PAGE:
If this is your first time changing spark plugs you may want to take a picture of the engine compartment prior to beginning work on the vehicle.  This will be a good tool for reference later if you are unsure about where things were when you are putting things back together.  Prior to beginning work on the vehicle, be sure to allow the engine to completely cool down.  This is going to greatly assist in the removal process.  Remove the engine cover to gain access to the spark plugs, ignition wires and/or ignition coil (s).  Most modern vehicles utilize a COP (Coil on Plug) format where the ignition coil “sits” on top of each spark plug.  The ignition coil is connected to the sparkplug by a spark plug boot which is essentially something like a very short ignition wire.  Older vehicles are commonly equipped with one ignition coil, a distributor and ignition wires (ignition leads) that connect to each individual spark plug.  Once access is gained to the spark plugs it is a good idea to change one spark plug at a time, in order to prevent mixing up the components.  Main thing here is “Keep it simple!”  To remove the spark plug wire or boot, turn the connection back and forth (clockwise and counter-clockwise) to loosen the bond.  Preferably using the spark plug boot removal tool, gently pull as you are rotating the boot until it “breaks free” from the spark plug.  If you just start pulling on boot or wire before loosening it from the spark plug, it frequently breaks and part of the spark plug boot remains on the spark plug.  This instance would make spark plug removal difficult as the spark plug socket typically does not fit over the remaining part still attached to the top of the spark plug.  Once the spark plug boot is removed the area around the spark plug should be cleaned using compressed air to prevent any loose debris from falling inside of the cylinder head.  Sometimes there can be engine oil or engine coolant sitting around the spark plug.  If this is the case, the engine valve cover gasket and/or spark plug tube seals are a common problem that cause of engine oil collecting around the spark plugs and should be replaced.  If engine coolant is collecting around the spark plugs it is typically caused by leaking coolant or heater hoses, or potentially even an intake gasket (only on some vehicles).  In either case, any such issue must be corrected prior to spark plug replacement as it will lead to engine misfire and damage to the spark plugs and boots.  If this is not an issue then unscrew each spark plug carefully using the spark plug socket

Spark Plug Installation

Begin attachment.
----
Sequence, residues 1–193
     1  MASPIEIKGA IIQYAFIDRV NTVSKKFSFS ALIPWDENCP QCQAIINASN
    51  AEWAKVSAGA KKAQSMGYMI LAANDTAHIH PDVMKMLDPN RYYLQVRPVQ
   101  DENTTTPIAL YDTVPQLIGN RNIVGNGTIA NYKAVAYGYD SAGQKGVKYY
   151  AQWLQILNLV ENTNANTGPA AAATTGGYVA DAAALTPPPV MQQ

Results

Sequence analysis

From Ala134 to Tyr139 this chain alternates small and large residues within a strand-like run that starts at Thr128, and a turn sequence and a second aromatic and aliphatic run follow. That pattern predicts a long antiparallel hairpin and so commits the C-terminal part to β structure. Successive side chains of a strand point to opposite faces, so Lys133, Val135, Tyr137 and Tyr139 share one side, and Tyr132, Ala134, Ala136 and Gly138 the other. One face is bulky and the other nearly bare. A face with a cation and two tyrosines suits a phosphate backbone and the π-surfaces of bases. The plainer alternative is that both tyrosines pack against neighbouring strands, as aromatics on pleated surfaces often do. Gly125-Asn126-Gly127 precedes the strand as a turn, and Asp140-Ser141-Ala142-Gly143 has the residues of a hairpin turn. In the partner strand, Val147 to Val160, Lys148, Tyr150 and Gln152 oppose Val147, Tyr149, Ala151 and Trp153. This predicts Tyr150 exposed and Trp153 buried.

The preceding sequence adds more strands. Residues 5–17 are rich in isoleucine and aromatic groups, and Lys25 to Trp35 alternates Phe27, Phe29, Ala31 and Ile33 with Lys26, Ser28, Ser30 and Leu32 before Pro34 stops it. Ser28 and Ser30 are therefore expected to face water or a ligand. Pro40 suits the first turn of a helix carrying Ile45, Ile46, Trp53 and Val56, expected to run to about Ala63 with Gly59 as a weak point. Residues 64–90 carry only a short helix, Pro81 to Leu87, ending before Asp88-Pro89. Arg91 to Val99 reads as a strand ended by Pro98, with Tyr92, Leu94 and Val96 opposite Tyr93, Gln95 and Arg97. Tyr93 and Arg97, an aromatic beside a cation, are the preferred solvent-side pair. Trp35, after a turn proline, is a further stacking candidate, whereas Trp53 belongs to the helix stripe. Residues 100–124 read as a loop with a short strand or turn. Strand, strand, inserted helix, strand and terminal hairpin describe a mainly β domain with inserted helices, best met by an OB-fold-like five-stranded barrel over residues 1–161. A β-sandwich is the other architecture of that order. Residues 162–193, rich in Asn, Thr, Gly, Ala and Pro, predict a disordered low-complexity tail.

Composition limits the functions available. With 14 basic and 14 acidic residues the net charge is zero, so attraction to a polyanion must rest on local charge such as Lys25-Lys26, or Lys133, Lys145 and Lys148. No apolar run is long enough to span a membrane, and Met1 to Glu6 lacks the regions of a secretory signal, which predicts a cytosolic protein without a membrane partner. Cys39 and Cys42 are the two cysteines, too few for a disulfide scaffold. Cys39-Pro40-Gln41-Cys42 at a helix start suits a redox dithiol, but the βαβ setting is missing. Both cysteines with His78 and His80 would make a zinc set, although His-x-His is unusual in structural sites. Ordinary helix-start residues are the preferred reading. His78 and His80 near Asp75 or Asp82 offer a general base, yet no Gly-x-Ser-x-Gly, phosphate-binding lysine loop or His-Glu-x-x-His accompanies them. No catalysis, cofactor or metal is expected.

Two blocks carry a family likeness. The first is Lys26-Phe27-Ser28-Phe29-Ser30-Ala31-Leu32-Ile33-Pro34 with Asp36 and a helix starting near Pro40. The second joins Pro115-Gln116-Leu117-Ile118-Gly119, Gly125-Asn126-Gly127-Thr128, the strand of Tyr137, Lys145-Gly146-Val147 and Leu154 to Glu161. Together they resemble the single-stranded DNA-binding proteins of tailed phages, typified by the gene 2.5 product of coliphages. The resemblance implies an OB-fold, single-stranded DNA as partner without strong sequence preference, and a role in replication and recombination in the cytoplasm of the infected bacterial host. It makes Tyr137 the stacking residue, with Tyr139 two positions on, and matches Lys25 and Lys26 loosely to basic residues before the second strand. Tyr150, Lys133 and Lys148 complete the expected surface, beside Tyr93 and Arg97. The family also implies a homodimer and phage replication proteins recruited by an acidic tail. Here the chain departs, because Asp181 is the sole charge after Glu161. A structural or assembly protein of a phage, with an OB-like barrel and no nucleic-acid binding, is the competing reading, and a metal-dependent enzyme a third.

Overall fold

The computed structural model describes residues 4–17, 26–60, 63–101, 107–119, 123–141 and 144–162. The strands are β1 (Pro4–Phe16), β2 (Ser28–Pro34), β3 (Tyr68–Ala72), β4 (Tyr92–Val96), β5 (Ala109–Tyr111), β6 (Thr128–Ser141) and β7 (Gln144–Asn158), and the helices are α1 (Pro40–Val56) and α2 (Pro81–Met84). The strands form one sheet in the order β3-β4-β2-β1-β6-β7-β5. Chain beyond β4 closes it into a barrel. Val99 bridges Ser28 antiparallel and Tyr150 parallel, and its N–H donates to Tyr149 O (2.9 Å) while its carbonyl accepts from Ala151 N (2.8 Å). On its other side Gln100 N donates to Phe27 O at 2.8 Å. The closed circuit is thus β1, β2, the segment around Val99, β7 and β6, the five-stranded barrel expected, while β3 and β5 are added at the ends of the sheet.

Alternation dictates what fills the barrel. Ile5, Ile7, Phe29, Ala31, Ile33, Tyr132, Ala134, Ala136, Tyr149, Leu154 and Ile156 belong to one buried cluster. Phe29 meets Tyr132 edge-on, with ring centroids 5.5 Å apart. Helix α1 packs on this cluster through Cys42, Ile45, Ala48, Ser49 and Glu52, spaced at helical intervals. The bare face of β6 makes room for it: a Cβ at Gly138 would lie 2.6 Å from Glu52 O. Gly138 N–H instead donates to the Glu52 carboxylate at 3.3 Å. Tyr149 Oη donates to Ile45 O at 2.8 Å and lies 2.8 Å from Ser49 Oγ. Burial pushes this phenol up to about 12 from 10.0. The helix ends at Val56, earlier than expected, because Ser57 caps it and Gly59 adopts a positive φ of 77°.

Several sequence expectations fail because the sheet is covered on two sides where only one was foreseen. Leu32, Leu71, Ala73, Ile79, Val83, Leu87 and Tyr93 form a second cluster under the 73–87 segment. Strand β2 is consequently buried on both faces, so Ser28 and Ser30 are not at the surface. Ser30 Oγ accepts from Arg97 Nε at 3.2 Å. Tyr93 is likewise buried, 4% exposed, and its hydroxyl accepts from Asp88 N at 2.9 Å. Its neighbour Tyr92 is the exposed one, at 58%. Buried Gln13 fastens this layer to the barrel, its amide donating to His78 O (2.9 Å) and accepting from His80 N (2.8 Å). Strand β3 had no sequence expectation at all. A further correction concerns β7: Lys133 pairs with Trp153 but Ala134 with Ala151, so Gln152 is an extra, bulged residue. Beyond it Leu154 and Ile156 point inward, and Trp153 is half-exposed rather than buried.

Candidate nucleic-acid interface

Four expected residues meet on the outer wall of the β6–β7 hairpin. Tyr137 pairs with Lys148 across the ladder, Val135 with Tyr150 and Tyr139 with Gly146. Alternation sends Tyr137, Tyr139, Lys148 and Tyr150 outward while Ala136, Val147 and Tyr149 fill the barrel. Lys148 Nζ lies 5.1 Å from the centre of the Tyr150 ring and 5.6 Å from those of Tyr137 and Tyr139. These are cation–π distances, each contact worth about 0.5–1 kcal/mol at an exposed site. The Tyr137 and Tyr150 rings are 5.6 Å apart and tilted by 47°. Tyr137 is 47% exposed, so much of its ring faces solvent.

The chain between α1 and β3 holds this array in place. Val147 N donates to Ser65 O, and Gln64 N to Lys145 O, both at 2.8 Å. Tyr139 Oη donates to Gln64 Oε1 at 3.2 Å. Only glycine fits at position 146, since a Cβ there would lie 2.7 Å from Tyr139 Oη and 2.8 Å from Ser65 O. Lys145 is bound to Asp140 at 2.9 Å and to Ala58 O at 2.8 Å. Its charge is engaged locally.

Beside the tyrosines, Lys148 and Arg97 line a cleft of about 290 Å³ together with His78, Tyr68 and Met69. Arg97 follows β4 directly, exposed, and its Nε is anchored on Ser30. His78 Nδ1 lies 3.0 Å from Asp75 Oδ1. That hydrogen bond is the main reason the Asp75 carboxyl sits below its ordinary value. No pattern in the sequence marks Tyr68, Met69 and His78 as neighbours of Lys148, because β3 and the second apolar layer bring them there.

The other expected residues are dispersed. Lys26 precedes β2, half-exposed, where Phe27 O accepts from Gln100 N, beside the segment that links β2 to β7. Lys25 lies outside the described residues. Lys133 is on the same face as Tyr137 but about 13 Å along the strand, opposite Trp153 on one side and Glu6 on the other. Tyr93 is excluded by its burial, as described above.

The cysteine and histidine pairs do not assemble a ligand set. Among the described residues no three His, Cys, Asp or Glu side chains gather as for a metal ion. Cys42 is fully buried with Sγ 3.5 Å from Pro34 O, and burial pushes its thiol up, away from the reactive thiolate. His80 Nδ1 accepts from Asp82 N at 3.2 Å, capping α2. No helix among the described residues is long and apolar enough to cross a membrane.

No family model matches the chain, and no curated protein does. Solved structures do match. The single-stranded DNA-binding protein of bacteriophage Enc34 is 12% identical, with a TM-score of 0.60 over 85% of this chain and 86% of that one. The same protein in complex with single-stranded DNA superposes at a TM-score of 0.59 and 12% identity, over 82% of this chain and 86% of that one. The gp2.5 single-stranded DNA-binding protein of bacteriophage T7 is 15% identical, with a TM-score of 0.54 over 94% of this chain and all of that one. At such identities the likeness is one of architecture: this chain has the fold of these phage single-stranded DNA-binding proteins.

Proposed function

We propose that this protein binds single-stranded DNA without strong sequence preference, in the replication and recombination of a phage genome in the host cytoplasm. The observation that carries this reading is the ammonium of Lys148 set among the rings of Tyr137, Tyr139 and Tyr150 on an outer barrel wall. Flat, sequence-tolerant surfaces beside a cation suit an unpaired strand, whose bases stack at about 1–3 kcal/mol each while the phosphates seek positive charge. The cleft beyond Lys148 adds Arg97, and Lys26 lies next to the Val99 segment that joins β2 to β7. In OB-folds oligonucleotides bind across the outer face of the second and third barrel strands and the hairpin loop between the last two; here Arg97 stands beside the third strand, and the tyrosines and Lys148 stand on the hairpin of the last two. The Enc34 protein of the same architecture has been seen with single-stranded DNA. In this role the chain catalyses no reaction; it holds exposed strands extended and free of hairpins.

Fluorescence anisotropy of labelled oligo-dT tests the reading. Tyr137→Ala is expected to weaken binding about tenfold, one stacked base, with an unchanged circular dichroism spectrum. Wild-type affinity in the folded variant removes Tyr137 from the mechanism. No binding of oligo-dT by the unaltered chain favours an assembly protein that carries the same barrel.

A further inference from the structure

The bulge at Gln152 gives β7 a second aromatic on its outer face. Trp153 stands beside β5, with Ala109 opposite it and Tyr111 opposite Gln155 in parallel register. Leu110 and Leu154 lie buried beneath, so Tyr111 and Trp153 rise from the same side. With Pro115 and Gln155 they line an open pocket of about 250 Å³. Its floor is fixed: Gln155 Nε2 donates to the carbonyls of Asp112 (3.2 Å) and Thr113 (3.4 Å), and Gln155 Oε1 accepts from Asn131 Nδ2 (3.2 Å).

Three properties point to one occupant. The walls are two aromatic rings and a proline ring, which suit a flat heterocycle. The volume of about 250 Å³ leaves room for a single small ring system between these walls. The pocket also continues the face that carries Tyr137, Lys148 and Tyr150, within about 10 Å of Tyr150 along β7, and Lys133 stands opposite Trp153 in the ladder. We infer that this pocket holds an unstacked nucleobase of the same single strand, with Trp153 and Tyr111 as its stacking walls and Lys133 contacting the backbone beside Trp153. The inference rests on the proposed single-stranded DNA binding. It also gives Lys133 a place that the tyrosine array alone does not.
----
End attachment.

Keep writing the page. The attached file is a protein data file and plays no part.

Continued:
All Brisk Spark Plugs are pre-gapped in the factory but it is crucial that you verify that gap specifications are met for your particular application so using the spark plug gap gauge, check the gap between the ground and center electrodes to ensure that the gap is correct.  You always want to perform this task before installation unless specifically advised not to by the manufacturer.  Always follow the recommendations of the spark plug manufacturer.  Before installing the new spark plugs, apply a thin layer of spark plug anti-seize to the threads of the new spark plug.  This will ensure a smooth thread installation and easy removal on your next spark plug replacement.   You want to also apply a small amount of spark plug dielectric grease to the porcelain insulator head.  This will ensure an air-tight seal between the boot or wire and the new spark plug and also prepare for an easy boot or wire removal during your next replacement.  Thread one of the new spark plugs into the spark plug hole tightening it until you can no longer turn it with your fingers.  Using a short piece of “snug-fitting” rubber hose can greatly assist you with the hand tightening process and will also prevent thread damage due to “cross-threading.”  Then using the spark plug torque wrench, tighten the plug to the specification listed by the service manual or manufacturer.  Be sure you do not over-tighten the spark plug during installation.  Over-tightening the spark plug can cause the shell of the spark plug to stretch resulting in the loss of heat conduction and dissipation which will ultimately lead to serious spark plug and possible engine damage due to pre-ignition.  Once the spark plug has been installed correctly, attach the ignition coil or spark plug wire to the new spark plug assuring the boot is fully seated on the head of the new plug.  When performing a spark plug replacement, it is always recommended to change the ignition wires or boots to achieve the best ignition and engine performance.  That being said, repeat this process for the remaining spark plugs.